A Letter To All Of The Wanderlust Stricken Souls

Aleksandra Hogendorf

I used to be one of you. I used to dream of foreign towns and cobblestone and mountain peaks, trace my finger on a paper map. I tested out the taste of cities on my tongue- Bruges and Napoli and Tangier and Porto. Names like candy. I dreamed of popping one in my mouth, savoring the sweetness, making these foreign flavors taste like home.

And so I did. I packed a backpack and boarded a plane with no return trip planned. The only remedy to wanderlust is to go. And even then, you are never cured.

I spent a year roaming and living a gypsy life. Cautiously at first, wandering around cities and sipping espressos in sunny piazzas. But a funny thing happens the longer you’re out roaming- you start living. You stop planning anything and surrender to the world, you learn to have faith and to trust, both the world and yourself.

I lived the local life in tiny white-washed Andalucian villages, where wine was cheaper than water and the accent thick and the air smelled of orange blossoms. And I got lost in the labyrinthine medinas of Morocco’s biggest cities and slept in the Sahara and went spelunking in Spain and picked olives in Italy and learned to make pumpkin ravioli and got drunk on sangria and went mud bathing in a river in Portugal and made so many wrong turns but so many right ones too.

This is not to say it was easy and wonderful all of the time, slices of cake with a view, because it was the highest highs and the lowest of lows. It was beautiful and crazy, but it was discomfort and disappointment as well. Like getting lost hiking a mountain as the sun was setting. Or missing the last bus out of town. But I learned to thrive in the hardships. I learned to adjust and be self-sufficient, like a Swiss Army knife, shiny and sharp-edged.

I let go of any expectations- because this is key, this is dire- and I woke up each morning not knowing where the day would take me. The freedom that comes with a nomadic life is dazzling, is addictive, is a sense of power and possibility.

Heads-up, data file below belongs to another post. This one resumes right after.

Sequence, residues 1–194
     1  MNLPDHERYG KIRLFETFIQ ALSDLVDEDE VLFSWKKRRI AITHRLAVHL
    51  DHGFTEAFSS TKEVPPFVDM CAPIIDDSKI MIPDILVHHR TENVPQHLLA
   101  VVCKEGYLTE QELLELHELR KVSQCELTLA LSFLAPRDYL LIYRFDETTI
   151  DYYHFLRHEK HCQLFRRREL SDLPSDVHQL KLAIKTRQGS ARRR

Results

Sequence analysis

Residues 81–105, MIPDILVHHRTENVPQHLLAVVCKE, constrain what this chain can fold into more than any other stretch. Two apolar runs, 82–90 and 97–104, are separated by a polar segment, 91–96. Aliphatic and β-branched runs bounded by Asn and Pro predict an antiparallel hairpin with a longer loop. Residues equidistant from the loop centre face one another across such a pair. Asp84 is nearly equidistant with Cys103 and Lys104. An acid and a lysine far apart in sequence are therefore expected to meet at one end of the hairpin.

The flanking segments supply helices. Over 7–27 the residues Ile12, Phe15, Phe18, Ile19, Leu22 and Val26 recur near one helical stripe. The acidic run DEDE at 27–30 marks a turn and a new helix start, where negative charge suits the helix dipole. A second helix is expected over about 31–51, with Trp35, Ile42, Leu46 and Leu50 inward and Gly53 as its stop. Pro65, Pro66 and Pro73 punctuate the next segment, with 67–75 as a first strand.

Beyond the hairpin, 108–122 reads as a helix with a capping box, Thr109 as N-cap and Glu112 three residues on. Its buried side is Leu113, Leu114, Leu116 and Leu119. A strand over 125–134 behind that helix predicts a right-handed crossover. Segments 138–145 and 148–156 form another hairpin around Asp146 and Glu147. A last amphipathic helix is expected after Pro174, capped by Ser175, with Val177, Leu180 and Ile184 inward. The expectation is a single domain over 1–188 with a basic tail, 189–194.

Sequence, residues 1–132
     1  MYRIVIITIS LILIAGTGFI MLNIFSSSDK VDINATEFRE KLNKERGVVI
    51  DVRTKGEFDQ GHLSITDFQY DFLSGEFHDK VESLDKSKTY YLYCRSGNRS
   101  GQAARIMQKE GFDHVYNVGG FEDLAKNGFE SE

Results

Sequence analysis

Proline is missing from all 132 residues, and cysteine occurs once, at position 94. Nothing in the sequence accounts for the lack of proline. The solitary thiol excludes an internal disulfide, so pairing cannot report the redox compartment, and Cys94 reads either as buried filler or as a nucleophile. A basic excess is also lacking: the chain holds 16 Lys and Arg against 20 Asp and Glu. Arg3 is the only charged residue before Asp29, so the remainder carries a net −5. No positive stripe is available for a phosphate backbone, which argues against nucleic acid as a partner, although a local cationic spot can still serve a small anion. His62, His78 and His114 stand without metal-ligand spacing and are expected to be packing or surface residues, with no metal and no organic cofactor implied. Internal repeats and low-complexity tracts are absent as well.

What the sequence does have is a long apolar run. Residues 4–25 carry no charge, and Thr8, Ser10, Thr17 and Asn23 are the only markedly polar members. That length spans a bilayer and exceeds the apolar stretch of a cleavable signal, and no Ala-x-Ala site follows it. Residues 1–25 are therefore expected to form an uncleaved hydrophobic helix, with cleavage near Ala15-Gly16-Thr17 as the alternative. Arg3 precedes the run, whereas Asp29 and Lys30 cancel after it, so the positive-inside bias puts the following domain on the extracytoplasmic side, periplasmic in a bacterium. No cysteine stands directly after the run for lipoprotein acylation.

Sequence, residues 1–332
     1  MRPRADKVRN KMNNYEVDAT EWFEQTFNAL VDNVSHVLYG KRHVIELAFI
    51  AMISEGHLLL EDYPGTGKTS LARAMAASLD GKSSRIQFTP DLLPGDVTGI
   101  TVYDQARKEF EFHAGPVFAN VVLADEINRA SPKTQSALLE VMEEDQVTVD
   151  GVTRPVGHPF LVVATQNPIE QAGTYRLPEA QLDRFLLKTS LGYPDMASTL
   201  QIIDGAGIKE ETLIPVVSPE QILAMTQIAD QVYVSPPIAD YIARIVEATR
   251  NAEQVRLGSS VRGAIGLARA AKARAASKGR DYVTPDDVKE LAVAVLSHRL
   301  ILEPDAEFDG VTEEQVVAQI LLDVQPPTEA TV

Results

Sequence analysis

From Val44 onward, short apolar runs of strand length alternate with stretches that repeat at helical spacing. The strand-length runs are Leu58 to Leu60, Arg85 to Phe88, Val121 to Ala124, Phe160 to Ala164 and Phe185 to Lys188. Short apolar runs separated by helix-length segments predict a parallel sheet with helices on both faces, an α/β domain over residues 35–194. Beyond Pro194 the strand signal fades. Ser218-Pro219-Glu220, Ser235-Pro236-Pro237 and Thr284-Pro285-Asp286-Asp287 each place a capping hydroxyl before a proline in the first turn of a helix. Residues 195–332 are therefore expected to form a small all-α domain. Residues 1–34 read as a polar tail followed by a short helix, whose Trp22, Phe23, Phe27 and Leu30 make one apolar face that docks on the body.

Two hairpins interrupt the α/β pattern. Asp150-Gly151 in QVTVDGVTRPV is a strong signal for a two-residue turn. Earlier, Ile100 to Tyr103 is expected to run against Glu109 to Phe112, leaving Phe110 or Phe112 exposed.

But the most beautiful thing about roaming the world, better than any view that will amaze or food you will taste, better than the sea or the sky or the sunshine, sandy beaches or mountain tops, are the people you will meet along the way. The kindness of strangers- it may be cliché, an overused phrase that beckons an eye-roll- but there is nothing more beautiful. I have met strangers around the world that have welcomed me into their lives and their homes, strangers that have become friends and family, people that have helped me and taught me and healed me and changed me. People that have inspired me and people that have just made me laugh. Some I knew for mere hours, some I lived with for weeks, but regardless, they have all left their mark and make me smile when I think back to all of these beautiful moments like an atlas of maps, beautiful faces that mean so much more than any photograph.

This is all just to say, you can do it too. I dare you to. I dare you to go and explore, to roam and get lost and tame foreign soils into home. I dare you to fall in love with the world, to test it and be tested by it, to put your trust in its grasp. The way I see it, we live on this one little planet, this small globe in the clutches of infinite space studded by stars and galaxies, this ball of rock and water. It’s our duty to see more of it, to be an explorer of the planet we call home. It is the least and the most we can do: to see it with our own eyes, walk foreign soils and let them change us, chat with strangers and taste a life far from our own.

I dare you to go. I dare you to stop making excuses. I dare you to be bold. I dare you to go wherever your little heart desires. The only thing separating you from wherever you want to be is distance. It’s up to you to cross it.

Good travels, my friends. I wish you all the very best of adventures. I wish you to roam wild and free. Thought Catalog Logo Mark

Dreaming about what it’s like to live abroad? Check out “A Year Without Make-Up: Tales of a 20-Something Traveler” from Thought Catalog Books here.


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